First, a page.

Inherent limitations

NOTE: I want to make clear that these limitations aren’t unique to the NIST CSF. All checklist frameworks have these same limitations. In the case of the NIST CSF, some of those limitations are by choice and the authors clearly indicate in the executive summary what the CSF is and what it isn't. 

As I mentioned in my first post, checklist frameworks have no analytic underpinning. In other words, they don’t — they can’t — help an organization understand which missing or less mature components are more important than others or how much less risk the organization will have if it improves one or more of the components. For example, does improving Maintenance by a single level of maturity gain an organization more than improving Access Control by two levels?  

The impact of this limitation boils down to two rather important things:  

  • The NIST CSF can only be used to report directional improvements to the overall risk profile of an organization — e.g., an organization that reduced the number of sub-categories at a baseline level by half can be assumed to be in a better risk position than before it made those improvements. The NIST CSF can’t, however, support reporting on how much better off the organization is, whether those improvements were the most important ones, or whether they represented the best cost/benefit. It also can’t help an organization understand where along the maturity continuum it should be, as this can only be determined by understanding how much risk the organization currently has versus how much less it might have at higher levels of maturity.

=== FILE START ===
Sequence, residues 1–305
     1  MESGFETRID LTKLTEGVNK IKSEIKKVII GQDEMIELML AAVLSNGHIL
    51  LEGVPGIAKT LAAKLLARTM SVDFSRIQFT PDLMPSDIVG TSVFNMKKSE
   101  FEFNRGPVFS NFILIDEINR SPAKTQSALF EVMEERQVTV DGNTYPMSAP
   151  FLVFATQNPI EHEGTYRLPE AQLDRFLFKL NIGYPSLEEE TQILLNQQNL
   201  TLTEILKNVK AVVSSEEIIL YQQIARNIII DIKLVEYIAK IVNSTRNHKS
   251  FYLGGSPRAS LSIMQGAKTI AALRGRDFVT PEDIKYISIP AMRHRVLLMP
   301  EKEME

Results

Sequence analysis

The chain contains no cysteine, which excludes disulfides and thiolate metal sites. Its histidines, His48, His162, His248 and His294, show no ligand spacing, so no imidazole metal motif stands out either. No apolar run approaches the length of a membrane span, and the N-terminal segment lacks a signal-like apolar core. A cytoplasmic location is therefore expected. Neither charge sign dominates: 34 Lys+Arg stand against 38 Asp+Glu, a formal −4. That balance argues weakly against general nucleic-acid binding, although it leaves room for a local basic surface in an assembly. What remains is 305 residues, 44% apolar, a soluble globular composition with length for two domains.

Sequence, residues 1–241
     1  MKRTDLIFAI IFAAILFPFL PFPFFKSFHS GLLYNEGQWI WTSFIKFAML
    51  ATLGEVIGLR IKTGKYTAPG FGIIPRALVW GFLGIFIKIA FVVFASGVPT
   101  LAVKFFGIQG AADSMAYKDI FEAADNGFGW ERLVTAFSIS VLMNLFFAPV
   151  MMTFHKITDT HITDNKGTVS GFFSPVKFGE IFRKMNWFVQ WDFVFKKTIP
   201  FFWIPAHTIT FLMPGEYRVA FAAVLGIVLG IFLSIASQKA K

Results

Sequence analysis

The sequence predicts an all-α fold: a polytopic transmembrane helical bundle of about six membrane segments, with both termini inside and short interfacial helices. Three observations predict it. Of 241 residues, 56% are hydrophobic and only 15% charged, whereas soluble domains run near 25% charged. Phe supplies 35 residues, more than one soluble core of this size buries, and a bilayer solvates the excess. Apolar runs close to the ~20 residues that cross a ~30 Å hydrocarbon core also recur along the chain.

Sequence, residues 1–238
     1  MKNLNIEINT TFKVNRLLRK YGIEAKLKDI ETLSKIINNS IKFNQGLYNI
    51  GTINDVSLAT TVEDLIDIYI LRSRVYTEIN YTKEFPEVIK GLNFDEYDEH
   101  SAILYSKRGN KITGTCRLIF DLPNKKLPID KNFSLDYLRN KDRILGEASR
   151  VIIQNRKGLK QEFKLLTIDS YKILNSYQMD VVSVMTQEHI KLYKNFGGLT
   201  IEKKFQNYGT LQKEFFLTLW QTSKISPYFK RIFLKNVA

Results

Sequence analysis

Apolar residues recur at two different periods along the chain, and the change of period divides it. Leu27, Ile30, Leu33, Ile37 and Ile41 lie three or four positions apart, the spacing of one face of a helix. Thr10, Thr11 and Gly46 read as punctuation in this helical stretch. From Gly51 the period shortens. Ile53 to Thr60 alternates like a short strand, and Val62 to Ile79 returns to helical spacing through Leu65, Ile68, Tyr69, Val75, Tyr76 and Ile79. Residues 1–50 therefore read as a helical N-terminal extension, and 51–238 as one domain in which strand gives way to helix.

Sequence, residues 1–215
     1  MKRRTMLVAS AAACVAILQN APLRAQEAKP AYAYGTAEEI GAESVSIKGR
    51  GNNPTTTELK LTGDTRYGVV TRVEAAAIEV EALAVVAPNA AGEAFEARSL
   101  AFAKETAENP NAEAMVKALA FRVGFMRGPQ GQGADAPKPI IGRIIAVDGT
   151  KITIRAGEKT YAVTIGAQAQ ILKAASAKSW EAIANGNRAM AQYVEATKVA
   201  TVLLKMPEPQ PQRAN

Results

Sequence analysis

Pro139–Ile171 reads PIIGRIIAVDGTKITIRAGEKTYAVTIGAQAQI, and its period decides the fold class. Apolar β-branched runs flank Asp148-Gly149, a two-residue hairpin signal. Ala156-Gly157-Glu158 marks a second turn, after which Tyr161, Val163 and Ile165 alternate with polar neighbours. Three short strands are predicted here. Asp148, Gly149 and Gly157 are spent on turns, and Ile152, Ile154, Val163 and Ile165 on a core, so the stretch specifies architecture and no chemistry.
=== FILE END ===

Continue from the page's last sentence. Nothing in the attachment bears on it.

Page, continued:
• Without an underlying analytic structure, frameworks like the NIST CSF are unable to represent the dependencies and relationships between their elements. For example, many sub-categories have aboolean AND or OR relationship with one another. Take the AND relationship between PR.PT-1 (logging) and DE.AE-2 (event analysis). An organization can have outstanding event analysis capabilities, but if it is seriously deficient in its ability to capture information in the first place, its overall detection capabilities are seriously hamstrung. Clearly, this analytic limitation can seriously affect an organization's ability to effectively prioritize improvements. It also can potentially affect the NIST CSF’s ability to accurately reflect even the general risk profile if “cornerstone” elements are immature but their roles aren’t accounted for.
  • The expectation that organizations will build a unique profile (or version) of the CSF for themselves makes it difficult or impossible for reliable benchmarking. 

Opportunities for improvement